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Pawsey User Forum (Melbourne), Monash, 23rd November 2017


How should I determine the best number of cores to use for my parallel code?

The first and most important step is to benchmark the code for your research problem. This will give an understanding of how the performance of the code scales as the number of cores increases. For a code that scales linearly, using more cores can result in a faster run time. For codes that lose efficiency as they scale, there is a trade off between faster run times and the amount of allocation consumed. An informed decision should then be made balancing the run time and allocation consumption. One important consideration is whether the code will finish or reach a checkpoint within the 24 hour maximum wall time. It is also worth noting that once the run time is shorter than the time it takes the job to schedule and start running, efficient use of allocation should be the main focus.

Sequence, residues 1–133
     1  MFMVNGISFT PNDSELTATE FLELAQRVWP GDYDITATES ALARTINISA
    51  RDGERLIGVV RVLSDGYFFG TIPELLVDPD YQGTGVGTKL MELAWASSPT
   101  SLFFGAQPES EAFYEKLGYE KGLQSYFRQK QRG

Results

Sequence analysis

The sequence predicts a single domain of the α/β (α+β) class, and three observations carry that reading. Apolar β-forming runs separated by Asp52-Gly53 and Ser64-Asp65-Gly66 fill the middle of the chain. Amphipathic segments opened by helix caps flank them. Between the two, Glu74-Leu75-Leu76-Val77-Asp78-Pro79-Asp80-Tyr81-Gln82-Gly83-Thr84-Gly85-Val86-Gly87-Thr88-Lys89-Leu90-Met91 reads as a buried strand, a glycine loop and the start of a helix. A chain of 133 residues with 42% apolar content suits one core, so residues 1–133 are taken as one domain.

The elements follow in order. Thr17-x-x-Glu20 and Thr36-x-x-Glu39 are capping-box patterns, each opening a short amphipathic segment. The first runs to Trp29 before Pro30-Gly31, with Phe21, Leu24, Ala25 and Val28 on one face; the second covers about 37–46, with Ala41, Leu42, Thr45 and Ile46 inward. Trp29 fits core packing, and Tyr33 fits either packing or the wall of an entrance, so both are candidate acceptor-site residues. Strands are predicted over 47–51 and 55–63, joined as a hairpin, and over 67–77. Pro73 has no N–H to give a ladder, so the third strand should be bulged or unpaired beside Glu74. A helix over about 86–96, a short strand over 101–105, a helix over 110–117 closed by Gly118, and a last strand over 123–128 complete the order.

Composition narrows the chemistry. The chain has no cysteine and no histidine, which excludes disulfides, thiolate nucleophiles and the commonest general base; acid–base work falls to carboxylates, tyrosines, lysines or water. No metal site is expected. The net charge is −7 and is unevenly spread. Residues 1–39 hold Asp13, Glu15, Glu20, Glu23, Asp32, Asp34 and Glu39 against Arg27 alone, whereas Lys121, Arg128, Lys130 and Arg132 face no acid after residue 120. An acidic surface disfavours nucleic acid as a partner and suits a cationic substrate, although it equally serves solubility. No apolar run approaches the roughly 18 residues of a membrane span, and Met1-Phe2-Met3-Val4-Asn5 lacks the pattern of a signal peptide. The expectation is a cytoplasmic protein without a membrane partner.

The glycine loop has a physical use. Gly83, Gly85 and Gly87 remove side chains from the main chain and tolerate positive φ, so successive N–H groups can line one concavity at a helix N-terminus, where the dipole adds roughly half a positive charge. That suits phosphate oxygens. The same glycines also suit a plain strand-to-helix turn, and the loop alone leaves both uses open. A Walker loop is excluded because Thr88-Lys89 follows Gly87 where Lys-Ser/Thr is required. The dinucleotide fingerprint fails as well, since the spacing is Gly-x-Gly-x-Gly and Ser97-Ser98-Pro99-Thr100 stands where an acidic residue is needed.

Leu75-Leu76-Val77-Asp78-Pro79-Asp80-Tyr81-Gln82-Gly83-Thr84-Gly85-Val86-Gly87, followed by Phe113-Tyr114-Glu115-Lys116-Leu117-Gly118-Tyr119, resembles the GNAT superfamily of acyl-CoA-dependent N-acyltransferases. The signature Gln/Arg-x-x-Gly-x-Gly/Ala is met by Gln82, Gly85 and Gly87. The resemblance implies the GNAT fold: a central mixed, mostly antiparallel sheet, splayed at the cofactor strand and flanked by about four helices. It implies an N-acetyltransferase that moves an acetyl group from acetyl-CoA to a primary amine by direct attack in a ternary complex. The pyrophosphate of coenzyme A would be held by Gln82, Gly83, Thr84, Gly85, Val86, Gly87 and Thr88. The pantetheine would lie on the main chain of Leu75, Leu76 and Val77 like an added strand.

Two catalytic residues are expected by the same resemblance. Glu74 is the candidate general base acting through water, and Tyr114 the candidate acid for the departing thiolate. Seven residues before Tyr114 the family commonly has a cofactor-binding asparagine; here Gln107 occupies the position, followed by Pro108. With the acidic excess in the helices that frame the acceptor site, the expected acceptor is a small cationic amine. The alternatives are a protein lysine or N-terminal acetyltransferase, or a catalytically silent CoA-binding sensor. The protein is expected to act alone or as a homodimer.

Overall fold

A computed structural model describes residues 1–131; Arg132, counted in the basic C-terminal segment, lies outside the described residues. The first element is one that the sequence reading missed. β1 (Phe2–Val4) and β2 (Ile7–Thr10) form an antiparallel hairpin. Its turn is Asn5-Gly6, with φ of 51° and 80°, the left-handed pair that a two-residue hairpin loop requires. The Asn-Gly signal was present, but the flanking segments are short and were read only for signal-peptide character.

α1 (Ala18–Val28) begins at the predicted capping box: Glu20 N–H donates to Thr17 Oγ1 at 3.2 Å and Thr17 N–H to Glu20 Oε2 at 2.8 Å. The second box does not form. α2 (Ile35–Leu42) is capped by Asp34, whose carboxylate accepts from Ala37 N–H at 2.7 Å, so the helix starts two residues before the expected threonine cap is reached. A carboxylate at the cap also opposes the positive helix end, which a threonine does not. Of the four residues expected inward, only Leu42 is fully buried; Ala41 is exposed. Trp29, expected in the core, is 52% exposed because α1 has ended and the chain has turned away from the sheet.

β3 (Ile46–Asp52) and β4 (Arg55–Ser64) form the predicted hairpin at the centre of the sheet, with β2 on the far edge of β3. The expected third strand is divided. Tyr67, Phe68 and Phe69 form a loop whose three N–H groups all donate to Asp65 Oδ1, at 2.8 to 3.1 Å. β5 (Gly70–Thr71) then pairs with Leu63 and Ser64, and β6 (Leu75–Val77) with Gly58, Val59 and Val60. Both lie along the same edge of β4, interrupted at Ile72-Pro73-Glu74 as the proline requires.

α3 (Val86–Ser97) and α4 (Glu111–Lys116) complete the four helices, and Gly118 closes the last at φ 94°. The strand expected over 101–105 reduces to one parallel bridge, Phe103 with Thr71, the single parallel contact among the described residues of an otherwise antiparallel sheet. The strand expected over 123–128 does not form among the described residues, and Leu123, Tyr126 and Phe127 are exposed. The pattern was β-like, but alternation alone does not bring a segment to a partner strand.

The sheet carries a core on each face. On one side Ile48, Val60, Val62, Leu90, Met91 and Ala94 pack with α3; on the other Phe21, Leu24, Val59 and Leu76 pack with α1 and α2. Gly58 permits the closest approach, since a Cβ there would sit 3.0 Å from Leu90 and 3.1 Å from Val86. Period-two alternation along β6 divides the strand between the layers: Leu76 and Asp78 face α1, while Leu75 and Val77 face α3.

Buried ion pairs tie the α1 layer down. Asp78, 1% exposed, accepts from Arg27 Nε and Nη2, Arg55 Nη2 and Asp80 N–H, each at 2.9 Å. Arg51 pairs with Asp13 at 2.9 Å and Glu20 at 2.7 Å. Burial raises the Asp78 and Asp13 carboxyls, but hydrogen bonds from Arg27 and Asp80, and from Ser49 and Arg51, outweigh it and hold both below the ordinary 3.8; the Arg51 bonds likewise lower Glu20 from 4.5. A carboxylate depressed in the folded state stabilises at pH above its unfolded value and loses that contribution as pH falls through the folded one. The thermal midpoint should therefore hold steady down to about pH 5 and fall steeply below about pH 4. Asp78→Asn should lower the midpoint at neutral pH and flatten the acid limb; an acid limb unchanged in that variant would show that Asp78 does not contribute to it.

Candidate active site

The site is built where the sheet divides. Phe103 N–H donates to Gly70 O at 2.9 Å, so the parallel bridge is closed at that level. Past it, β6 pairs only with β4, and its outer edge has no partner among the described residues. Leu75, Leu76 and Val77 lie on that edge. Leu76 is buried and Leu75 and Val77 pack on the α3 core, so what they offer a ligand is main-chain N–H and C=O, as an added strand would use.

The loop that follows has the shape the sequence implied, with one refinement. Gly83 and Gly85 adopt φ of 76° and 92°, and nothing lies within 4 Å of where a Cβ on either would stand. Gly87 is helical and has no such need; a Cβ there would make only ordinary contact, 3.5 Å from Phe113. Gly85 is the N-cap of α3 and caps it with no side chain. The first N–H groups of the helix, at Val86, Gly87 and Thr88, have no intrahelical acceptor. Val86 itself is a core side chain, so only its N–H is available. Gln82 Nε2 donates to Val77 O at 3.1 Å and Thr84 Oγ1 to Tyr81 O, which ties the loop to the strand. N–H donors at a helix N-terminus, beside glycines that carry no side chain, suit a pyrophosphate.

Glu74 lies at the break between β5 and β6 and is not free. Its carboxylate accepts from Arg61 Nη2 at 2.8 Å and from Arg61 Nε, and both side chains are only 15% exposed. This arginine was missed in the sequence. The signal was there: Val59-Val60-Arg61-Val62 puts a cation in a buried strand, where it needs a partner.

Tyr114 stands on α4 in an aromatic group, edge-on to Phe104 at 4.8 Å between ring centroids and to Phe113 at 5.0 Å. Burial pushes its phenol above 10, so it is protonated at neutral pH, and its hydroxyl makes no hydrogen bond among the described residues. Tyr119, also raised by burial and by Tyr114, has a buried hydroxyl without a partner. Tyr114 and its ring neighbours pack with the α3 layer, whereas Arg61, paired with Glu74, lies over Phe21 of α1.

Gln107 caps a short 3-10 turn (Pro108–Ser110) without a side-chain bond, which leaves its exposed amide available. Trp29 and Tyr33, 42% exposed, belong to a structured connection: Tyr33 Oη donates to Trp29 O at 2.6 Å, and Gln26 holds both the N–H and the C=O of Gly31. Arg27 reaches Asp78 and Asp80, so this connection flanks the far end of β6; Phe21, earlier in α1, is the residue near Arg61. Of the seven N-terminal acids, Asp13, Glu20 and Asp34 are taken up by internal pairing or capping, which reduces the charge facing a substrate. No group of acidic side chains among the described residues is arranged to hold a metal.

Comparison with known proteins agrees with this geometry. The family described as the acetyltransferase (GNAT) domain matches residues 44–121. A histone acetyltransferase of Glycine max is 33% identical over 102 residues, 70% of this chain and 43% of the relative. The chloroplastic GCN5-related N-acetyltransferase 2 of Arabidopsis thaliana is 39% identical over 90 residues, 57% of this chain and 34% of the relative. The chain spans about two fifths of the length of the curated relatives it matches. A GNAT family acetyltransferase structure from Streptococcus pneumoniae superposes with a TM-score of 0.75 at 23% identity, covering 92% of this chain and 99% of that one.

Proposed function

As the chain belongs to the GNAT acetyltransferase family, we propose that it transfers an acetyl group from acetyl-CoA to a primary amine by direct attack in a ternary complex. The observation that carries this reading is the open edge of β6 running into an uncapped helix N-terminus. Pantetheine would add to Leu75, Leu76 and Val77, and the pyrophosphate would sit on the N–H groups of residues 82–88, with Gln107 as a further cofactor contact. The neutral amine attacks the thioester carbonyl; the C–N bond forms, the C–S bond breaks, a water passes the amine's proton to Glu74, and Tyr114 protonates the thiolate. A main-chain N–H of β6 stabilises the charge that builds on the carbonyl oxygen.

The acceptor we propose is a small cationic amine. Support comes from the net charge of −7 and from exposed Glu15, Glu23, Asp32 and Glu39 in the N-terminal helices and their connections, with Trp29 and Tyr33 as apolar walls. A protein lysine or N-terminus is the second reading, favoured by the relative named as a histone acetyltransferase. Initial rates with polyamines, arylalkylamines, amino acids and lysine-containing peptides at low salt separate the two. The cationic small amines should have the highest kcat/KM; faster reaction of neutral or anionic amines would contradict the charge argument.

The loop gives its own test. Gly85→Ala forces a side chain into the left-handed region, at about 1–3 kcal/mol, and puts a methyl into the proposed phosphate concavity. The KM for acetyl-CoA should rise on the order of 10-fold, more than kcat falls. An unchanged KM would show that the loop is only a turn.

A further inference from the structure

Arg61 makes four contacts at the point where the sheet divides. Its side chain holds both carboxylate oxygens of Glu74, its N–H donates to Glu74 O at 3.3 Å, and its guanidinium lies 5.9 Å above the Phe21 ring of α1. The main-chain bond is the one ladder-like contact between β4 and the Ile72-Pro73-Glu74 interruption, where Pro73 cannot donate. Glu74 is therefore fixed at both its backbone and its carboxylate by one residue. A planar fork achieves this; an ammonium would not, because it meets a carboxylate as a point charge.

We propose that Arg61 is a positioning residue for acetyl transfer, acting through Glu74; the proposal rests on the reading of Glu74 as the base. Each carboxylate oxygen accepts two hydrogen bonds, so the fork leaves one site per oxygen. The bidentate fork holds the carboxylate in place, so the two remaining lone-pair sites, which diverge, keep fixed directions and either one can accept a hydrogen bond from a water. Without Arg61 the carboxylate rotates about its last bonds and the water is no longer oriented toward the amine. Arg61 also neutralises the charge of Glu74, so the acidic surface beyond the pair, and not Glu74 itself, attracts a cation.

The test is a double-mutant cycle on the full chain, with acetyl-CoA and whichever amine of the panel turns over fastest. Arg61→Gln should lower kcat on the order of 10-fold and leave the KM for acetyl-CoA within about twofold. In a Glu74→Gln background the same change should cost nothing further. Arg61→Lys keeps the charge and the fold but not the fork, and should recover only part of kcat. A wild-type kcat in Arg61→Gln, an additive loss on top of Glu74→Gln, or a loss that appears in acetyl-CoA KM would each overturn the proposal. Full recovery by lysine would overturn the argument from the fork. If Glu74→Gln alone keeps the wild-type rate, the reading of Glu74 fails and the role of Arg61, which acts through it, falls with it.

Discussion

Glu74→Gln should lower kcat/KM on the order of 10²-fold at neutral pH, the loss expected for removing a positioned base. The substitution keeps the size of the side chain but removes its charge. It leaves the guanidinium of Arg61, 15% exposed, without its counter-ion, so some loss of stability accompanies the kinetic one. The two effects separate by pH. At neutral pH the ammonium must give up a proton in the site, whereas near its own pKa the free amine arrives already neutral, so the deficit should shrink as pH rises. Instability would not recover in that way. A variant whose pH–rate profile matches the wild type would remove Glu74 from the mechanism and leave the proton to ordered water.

The mid-year break is not a good time for attending events. The mid-semester breaks and the week before first semester starts would be best. Ideally at least 3 months notice would be preferred.

The training schedule for 2018 is still being developed and should be available soon. We have endeavoured to ensure events are scheduled around these times. However, with the large number of training courses, road shows, clinics, and user forum events that Pawsey operates it it unfortunately necessary to hold some of them during semester.